- Return fairness and progressivity to the tax code. Taxing wealth the same as ordinary income, reinstating more progressive estate tax parameters, adding new tax brackets on taxable income over $2 million and enacting a net wealth tax would reverse the weakening of the progressivity of the tax code that has occurred over the past few decades.
- Tax goods and services that have significant social costs. Pricing carbon emissions, taxing financial transactions and leverage, and levying taxes on products that pose public health risks would compel businesses to internalize costs that would otherwise spill over to society.
“This plan is gimmick-free,” Pollack said. “We don’t shift costs onto middle-class households or the elderly and disabled, and we don’t produce savings by cutting vital investments in the nation’s infrastructure, education or innovative capacity. We achieve fiscal sustainability by investing in future generations and ensuring that the highest-income households—who have benefited most from economic growth over the last few decades—pay a little more to help contribute to our continued prosperity.”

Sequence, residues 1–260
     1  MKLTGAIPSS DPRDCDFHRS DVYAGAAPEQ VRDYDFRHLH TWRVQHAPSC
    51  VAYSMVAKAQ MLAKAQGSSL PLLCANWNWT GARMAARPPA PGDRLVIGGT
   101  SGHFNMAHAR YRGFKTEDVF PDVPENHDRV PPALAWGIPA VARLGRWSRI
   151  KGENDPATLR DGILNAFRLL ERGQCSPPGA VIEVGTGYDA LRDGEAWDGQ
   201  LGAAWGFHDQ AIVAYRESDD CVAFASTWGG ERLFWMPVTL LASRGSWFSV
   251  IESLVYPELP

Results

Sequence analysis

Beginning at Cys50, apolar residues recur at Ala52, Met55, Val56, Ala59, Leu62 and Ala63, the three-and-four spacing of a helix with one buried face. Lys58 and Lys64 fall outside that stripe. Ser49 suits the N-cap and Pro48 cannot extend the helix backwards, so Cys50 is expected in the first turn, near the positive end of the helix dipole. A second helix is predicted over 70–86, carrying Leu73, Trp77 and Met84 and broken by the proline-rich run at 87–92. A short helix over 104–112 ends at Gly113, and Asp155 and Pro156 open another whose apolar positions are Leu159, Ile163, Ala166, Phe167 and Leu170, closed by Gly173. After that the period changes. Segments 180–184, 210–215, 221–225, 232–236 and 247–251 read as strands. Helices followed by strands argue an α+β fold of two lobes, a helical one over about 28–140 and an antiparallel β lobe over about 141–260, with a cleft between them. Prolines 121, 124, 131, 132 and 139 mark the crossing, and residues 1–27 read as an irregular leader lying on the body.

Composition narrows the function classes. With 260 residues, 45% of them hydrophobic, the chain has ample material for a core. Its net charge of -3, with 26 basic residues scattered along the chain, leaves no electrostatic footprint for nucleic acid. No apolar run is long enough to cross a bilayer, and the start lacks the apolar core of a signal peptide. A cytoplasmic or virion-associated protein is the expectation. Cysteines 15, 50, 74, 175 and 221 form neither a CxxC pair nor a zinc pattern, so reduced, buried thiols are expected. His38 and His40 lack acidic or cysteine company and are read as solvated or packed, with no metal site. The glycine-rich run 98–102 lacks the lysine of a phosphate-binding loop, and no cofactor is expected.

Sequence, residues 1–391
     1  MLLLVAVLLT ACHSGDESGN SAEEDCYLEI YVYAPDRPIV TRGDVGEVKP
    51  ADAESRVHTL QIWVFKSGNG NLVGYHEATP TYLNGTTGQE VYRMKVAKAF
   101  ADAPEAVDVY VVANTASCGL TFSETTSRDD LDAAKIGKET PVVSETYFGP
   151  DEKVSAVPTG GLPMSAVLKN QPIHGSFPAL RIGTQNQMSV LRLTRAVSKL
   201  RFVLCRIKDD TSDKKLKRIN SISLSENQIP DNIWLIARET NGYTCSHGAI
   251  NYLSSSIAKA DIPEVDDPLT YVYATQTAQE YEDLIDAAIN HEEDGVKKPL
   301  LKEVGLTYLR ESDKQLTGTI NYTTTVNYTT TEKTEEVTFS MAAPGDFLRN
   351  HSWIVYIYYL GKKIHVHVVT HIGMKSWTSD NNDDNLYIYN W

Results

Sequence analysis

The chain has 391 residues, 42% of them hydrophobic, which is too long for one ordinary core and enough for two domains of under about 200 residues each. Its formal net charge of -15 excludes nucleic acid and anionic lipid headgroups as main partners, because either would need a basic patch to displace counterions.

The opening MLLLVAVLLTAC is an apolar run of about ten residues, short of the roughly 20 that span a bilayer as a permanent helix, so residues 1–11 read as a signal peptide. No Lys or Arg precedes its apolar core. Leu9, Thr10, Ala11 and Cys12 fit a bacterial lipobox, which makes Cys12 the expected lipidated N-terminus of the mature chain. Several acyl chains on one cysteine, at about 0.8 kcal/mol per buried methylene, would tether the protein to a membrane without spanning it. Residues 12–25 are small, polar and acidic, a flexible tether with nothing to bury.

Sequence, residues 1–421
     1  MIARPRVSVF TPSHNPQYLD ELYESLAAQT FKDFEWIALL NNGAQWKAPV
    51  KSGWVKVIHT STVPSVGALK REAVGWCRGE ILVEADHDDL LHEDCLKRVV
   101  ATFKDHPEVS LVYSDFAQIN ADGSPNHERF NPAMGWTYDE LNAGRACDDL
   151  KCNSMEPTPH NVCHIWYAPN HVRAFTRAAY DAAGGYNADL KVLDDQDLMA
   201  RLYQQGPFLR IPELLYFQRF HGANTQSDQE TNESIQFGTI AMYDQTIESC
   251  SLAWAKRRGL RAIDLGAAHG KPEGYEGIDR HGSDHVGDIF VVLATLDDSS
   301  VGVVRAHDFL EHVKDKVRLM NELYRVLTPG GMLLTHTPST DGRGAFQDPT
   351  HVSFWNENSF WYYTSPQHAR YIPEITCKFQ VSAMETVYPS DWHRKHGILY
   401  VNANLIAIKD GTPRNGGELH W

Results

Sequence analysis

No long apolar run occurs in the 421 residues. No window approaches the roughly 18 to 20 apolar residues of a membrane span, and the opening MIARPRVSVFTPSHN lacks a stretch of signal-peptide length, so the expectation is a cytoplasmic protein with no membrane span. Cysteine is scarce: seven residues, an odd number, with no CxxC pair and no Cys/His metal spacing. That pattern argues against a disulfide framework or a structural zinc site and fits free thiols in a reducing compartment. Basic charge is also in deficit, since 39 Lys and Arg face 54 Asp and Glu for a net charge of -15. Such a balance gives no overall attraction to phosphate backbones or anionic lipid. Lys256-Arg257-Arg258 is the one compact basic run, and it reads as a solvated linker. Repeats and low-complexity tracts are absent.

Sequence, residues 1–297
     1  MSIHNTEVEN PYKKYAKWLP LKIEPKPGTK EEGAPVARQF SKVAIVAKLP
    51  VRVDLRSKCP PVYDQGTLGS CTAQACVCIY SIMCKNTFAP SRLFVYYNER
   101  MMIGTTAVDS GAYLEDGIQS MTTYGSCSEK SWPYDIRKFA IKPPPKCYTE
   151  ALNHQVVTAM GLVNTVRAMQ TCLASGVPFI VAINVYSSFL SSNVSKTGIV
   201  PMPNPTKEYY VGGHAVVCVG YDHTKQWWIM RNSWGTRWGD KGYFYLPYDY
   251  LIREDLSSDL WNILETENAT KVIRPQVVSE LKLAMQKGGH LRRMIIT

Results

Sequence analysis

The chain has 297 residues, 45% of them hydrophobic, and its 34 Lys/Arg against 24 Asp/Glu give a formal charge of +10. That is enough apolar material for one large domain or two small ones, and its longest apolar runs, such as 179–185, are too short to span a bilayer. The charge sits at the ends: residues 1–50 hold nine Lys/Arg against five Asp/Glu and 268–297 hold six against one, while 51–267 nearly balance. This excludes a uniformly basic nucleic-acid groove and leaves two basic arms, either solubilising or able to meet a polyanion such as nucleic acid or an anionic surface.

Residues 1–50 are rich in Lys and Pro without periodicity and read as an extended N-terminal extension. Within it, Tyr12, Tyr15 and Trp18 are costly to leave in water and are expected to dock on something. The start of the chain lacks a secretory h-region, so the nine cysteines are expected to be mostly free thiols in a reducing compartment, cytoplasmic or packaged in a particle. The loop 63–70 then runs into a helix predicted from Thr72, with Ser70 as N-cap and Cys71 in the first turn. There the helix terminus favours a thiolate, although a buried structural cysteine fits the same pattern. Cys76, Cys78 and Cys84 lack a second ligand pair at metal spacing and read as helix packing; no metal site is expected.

The budget’s spending policies are designed to promote immediate job creation, strengthen the middle class, and expand mobility and opportunity. The plan repeals the Budget Control Act, which unnecessarily cuts the non-security discretionary budget, and replaces the frontloaded defense spending cuts with the cuts proposed by the bipartisan Sustainable Defense Task Force. The plan invests in infrastructure, education and training, and research and development by financing a permanent increase in public investments of $200 billion in 2013. It finances $425 billion in state and local fiscal relief through 2017, which will protect public investments at the state and local level and boost employment, and devotes $250 billion to a public works and direct employment program over 2013-2014. Recognizing that Social Security is an increasingly important pillar of retirement, the plan phases in a five-year elimination of the cap on both employee- and employer-side payroll tax contributions, in an effort to shore up the program and protect benefits. The budget proposes a wide range of policies that would lower health care costs rather than shift them onto households or state governments and repeals the sustainable growth rate formula for Medicare physician payments. Finally, the plan extends the Emergency Unemployment Compensation program through 2015, fine-tunes agricultural policy, and improves various other provisions of the tax code.